The Craftsman

"The one sent gathered the sounds to his breast and clutched them there, both what was sharp and what was flat, what was wrong, what was unfair."

"Think not that I am come to destroy the law, or the prophets: I am not come to destroy, but to fulfil." (Matthew 5:17)

THE NOTES HAD BEEN WRITTEN, the song sung, with a few bars and beats out of measure. Many had heard it, many had been carried along by its tune over the ages. Yet, as time is wont to do, it had fallen out of use and was not sung, out-of-tune, if ever. Its own generations did not recognize it, lost in the flavor of a new era, of minor notes and wide resting places, of violence strung upon their bow. Of silence where the song had once carried the air, once captured the heart and cleansed the mind. None knew it save a few musicians dedicated to God.

And the dust rose and the dust settled and a cry came from the people. Not the song but discordant, a wail, a beseechment of the heavens and the Power who held things there. Misunderstood, misheard, ignored in His speaking, He held court above the cry, not immune but inured, not impatient but of longstanding, of longsuffering. And the cry lifted louder, and He bent His ear.

None could hear what was said but Him who held the key, who knew the beat, who wrote the rhythm. Who in the beginning sang the song and had it stolen from Him, and there, in that moment began a harmony anew. Though the music had shifted, He strung His bow and played a tune upon those He loved, this tune now dead, begged its remembrance, begged its singing.

But not of earth. Not of soil and flesh and bated breath. Not of hatred nor violence nor selfish gain. The tune could only become upon the breath of one who the heavens declared in glorious wonder. And he was sent and what he wrote began in singular fashion, as a chord played on repeat, largely ignored except by those chosen to listen.

A single finger became two, became four, became six, became loud enough heads turned, either in faith or in grimace. Either in hatred because they loved to hear their own cock-and-crow. Or in weakness because no one had sung in force since long ago. The anger grew and at its side, a scattering of notes. What they thought they sang, they couldn't hear was horrifying in tone. A hodgepodge of opinions and offenses aired for all to tolerate, for those to join in with their deception or those to wish for better days. Not here, not now! Please here, today. No, not like that! Like this we sang, and out of timing, all voiced what wasn't anything.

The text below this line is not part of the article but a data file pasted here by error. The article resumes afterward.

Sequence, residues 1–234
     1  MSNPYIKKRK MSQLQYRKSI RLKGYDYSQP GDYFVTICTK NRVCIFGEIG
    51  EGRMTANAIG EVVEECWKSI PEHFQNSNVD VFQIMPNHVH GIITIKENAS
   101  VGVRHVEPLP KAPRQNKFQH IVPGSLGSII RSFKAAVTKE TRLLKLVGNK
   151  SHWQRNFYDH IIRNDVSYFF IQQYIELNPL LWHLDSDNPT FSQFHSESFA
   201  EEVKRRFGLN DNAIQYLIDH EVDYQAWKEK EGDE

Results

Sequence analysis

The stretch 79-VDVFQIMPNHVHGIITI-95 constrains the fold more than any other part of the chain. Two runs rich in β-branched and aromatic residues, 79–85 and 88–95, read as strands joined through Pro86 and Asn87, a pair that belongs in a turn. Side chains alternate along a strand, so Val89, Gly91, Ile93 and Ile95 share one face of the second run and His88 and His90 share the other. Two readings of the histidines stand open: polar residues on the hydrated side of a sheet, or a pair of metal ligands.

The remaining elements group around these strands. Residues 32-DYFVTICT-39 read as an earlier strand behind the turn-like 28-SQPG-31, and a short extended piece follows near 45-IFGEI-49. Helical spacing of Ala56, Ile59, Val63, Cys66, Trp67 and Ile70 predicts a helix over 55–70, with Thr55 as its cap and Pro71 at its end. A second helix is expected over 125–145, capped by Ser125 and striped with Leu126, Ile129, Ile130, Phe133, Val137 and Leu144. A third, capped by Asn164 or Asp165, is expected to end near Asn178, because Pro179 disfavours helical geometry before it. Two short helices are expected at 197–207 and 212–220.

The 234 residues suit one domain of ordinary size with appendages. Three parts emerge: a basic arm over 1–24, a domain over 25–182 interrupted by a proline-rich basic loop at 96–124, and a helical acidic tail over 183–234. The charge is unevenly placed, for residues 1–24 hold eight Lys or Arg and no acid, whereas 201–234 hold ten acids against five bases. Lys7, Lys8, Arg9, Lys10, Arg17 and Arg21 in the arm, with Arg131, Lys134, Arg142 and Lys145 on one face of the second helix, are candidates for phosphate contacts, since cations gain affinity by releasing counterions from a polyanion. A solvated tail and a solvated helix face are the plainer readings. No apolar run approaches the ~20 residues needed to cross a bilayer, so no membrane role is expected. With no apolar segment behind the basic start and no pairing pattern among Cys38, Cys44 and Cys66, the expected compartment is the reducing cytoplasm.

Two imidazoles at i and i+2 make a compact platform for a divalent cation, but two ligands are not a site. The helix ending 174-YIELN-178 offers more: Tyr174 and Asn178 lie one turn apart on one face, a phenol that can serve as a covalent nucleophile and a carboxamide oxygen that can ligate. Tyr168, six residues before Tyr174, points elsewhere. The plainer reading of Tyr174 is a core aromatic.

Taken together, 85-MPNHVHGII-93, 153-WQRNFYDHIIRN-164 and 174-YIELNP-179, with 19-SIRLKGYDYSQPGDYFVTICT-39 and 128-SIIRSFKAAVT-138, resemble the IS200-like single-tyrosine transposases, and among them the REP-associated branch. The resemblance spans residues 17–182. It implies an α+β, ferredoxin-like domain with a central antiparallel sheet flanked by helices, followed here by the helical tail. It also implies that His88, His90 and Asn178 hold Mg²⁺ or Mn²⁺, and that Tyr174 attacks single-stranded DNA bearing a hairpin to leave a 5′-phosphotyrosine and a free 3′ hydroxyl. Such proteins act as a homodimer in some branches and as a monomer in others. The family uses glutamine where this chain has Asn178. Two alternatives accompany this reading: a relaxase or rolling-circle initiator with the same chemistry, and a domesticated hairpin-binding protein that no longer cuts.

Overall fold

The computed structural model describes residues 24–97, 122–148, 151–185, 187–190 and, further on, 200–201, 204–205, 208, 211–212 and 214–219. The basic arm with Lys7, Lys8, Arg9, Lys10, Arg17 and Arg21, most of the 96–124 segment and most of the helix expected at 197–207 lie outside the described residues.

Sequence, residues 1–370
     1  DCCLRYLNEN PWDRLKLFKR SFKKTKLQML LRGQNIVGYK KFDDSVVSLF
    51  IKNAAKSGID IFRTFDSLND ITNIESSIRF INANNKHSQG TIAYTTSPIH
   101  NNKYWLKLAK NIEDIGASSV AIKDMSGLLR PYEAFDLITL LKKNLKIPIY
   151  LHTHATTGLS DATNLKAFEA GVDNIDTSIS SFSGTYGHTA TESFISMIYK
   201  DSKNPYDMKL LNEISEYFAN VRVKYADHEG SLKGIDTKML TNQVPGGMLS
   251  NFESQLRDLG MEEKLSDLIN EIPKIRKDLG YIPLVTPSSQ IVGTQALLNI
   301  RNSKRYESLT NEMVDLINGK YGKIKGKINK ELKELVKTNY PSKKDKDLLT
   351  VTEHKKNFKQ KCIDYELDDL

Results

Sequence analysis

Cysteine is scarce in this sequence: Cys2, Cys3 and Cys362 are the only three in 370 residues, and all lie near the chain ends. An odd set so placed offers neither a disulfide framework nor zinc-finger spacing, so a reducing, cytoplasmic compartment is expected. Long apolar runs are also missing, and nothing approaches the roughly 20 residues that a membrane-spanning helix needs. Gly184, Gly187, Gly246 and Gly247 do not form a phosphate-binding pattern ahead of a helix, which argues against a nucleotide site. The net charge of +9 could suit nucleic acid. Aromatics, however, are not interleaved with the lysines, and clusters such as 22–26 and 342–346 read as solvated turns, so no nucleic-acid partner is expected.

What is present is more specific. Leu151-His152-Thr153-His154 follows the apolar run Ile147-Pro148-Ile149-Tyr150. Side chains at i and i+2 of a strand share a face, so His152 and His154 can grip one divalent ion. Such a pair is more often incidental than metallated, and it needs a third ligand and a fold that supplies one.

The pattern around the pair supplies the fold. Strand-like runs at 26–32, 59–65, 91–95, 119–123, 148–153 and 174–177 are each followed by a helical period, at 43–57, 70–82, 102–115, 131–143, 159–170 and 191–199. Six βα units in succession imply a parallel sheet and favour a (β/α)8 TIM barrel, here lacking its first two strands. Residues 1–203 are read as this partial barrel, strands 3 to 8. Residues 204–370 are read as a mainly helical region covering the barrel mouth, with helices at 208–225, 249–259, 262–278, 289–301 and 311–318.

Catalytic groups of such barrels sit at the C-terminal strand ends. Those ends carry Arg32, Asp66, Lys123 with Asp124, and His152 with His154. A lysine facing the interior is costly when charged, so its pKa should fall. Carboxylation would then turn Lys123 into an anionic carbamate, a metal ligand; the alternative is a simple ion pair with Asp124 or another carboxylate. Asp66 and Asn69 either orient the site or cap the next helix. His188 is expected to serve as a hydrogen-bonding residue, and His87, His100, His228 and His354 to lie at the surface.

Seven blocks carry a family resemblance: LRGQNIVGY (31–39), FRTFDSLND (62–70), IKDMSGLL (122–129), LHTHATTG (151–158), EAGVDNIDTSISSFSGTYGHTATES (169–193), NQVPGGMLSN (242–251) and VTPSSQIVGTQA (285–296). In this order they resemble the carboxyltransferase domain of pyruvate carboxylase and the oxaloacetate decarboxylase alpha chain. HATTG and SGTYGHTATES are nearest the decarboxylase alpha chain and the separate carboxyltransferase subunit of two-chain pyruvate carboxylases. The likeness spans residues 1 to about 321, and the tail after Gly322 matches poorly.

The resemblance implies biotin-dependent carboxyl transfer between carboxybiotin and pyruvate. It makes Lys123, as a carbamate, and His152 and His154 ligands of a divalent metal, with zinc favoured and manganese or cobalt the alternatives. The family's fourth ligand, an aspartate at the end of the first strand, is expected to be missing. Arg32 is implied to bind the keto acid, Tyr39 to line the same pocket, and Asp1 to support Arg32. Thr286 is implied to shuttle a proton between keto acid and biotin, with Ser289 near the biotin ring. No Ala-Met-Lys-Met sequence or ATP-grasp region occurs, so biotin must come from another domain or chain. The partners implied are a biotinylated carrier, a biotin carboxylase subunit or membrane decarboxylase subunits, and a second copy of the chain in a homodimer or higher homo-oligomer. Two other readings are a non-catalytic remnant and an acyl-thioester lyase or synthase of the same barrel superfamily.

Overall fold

The one sent gathered the sounds to his breast and clutched them there, both what was sharp and what was flat, what was wrong, what was unfair. And in his grasp, he formed them new into a song he planned to sing, crafting from what seemed like erroneous notes, an orchestra performance on a stellar scale. Something epic, something strong, that only he could do, and yet he waited for the moment when the Power made His move.

Wrong notes played wrongly forced time ahead, and the wrong ones kept singing until the man was dead. But death only captured what the man had enmeshed, only amplified the moment when the song began to play, and the people heard their voices in what drifted from the grave, heard magnificence created by him and couldn't figure how it came. Except that this was how it would happen and their chaos not that at all in the hands of the Craftsman who'd written it all.

For the time extended, for a moment, in triplet fashioned, his note returned amongst them only grander, more demanding. As a heartbeat pounds its life into the ears of its mother, so his song began to play alongside their words and rhythms. Not as old, like before; that had gone and been reimagined. Some still held onto its staff, but the song now lived as truth, now sang as love, now shared as power, strong enough to take the soil and breathe new life, anew enough to last forever.

“For you have heard of my previous life in Judaism: I (Paul) practiced the methods of force and coercion and persecuted the people of God, and I tried to destroy them or pressure them back into the empty rituals of Judaism. I was promoting the forms and ceremonies of the old symbolic system more intensely than most of my fellow Jews, and I was unreasonably zealous for the powerless traditions of my fathers.” (Galatians 1:13-14, Remedy)

“For if our healing and restoration could be accomplished by keeping the law or performing rituals, then God did not need to promise to heal us, because we could have healed ourselves; but God did graciously promise Abraham to provide the only Remedy to cure our sin-sick hearts and minds.”
(Galatians 3:18, Remedy)

“But Scripture is clear: All humanity is infected with selfishness and is imprisoned by this terminal condition. It is by trust that we experience the only cure, the One promised—Jesus Christ—who was given to humankind as the Remedy to this terminal condition.” (Galatians 3:22, Remedy)

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Suzanne D. Williams, Author